Hacking life: how to program new functions for living bacteria and yeast

Engineering bacteria to aid digestion or yeast to produce custom beer
April 4, 2016

MIT biological engineers have devised a programming language that can be used to add new functions to E. coli bacteria (credit: Janet Iwasa)

MIT biological engineers have created a programming language for bacteria. It allows anyone to rapidly design complex, DNA-encoded circuits that add new functions to living cells — no genetic engineering knowledge required.

For example: design bacterial cells that can produce a cancer drug when they detect a tumor or create yeast cells that can halt their own fermentation process if too many toxic byproducts build up.

Repurposing a computer-chip programming language

The language is based on Verilog, a text-based language commonly used to program computer chips. To create a version of the language that would work for cells, the researchers designed computing elements such as logic gates and sensors that can be encoded in a bacterial cell’s DNA.

The sensors can detect different compounds, such as oxygen or glucose, and environmental conditions like light, temperature, and acidity. You can also add your own sensors, and you can compile a program for different organisms to get the right DNA sequence for each one.

You also specify the sensors, actuators, and a user constraints file (UCF), which defines the organism, gate technology, and valid operating conditions.

Cello (think of it as a compiler), a website, then uses this information to automatically design a DNA sequence encoding the desired circuit, using a set of algorithms that parse the Verilog text, create the circuit diagram, assign gates, balance constraints to build the DNA, and simulate performance, drawing on a library of Boolean logic gates.

Overview of Cello. Cello users write Verilog code and select or upload sensors and a UCF. On the basis of the Verilog design, a truth table is constructed, from which a circuit diagram is synthesized. Regulators are assigned from a library to each gate (each color is a different repressor). Combinatorial design is then used to concatenate parts into a linear DNA sequence. (credit: Alec A. K. Nielsen et al./Science)

In the current Verilog version, the genetic parts are optimized for E. coli, but the researchers are working on expanding the language for other strains of bacteria, including Bacteroides, commonly found in the human gut; Pseudomonas,which often lives in plant roots; and the yeast Saccharomyces cerevisiae.

Christopher Voigt, an MIT professor of biological engineering, and colleagues at Boston University and the National Institute of Standards and Technology have used this language, which they describe in the April 1 issue of Science.

No experience needed

Over the past 15 years, biologists and engineers have designed many genetic parts, such as sensors, memory switches, and biological clocks, that can be combined to modify existing cell functions and add new ones. However, designing each circuit is a laborious process that requires great expertise and often a lot of trial and error. “You have to have this really intimate knowledge of how those pieces are going to work and how they’re going to come together,” Voigt says.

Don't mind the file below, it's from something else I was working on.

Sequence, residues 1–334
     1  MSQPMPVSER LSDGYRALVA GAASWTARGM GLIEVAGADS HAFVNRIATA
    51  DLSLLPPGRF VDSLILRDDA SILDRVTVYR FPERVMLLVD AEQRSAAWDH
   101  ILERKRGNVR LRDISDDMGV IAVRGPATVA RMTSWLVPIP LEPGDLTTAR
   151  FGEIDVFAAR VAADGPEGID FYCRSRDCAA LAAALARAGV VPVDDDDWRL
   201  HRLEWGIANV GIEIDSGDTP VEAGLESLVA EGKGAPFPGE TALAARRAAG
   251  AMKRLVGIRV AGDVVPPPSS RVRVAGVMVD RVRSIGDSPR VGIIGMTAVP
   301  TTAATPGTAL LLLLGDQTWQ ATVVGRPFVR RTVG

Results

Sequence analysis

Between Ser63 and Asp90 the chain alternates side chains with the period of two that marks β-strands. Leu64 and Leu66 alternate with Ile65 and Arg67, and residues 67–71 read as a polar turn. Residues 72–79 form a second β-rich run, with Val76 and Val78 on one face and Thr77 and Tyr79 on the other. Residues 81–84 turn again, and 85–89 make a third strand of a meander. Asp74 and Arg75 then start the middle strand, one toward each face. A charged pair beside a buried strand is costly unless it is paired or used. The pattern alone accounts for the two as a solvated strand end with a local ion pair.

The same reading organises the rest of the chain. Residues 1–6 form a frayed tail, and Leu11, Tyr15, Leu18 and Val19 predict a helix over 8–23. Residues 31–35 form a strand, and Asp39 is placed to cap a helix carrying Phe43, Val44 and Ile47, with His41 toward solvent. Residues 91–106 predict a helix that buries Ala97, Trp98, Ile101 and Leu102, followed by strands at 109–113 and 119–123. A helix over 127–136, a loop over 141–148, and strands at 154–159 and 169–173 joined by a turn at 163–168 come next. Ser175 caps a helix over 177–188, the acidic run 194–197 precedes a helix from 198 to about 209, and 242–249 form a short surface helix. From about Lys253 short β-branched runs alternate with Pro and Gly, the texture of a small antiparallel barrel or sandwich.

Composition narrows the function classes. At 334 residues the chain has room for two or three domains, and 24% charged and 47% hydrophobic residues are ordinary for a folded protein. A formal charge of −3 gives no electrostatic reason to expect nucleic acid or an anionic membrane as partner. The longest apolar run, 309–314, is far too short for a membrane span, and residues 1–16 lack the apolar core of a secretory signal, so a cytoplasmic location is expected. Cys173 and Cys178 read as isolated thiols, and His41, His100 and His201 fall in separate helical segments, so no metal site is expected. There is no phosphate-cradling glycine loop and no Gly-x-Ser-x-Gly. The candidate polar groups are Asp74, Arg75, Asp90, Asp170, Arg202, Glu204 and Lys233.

Users of the new programming language, however, need no special knowledge of genetic engineering.

“You could be completely naive as to how any of it works. That’s what’s really different about this,” Voigt says. “You could be a student in high school and go onto the Web-based server and type out the program you want, and it spits back the DNA sequence.”

Using this language, the MIT researchers programmed 60 circuits with different functions, and 45 of them worked correctly the first time they were tested. Many of the circuits were designed to measure one or more environmental conditions, such as oxygen level or glucose concentration, and respond accordingly. Another circuit was designed to rank three different inputs and then respond based on the priority of each one.

One of the new circuits is the largest biological circuit ever built, containing seven logic gates and about 12,000 base pairs of DNA.

Another advantage of this technique is its speed. Until now, “it would take years to build these types of circuits. Now you just hit the button and immediately get a DNA sequence to test,” Voigt says.

His team plans to work on several different applications using this approach: bacteria that can be swallowed to aid in digestion of lactose; bacteria that can live on plant roots and produce insecticide if they sense the plant is under attack; and yeast that can be engineered to shut off when they are producing too many toxic byproducts in a fermentation reactor.

Abstract of Genetic circuit design automation

Computation can be performed in living cells by DNA-encoded circuits that process sensory information and control biological functions. Their construction is time-intensive, requiring manual part assembly and balancing of regulator expression. We describe a design environment, Cello, in which a user writes Verilog code that is automatically transformed into a DNA sequence. Algorithms build a circuit diagram, assign and connect gates, and simulate performance. Reliable circuit design requires the insulation of gates from genetic context, so that they function identically when used in different circuits. We used Cello to design 60 circuits for Escherichia coli (880,000 base pairs of DNA), for which each DNA sequence was built as predicted by the software with no additional tuning. Of these, 45 circuits performed correctly in every output state (up to 10 regulators and 55 parts), and across all circuits 92% of the output states functioned as predicted. Design automation simplifies the incorporation of genetic circuits into biotechnology projects that require decision-making, control, sensing, or spatial organization.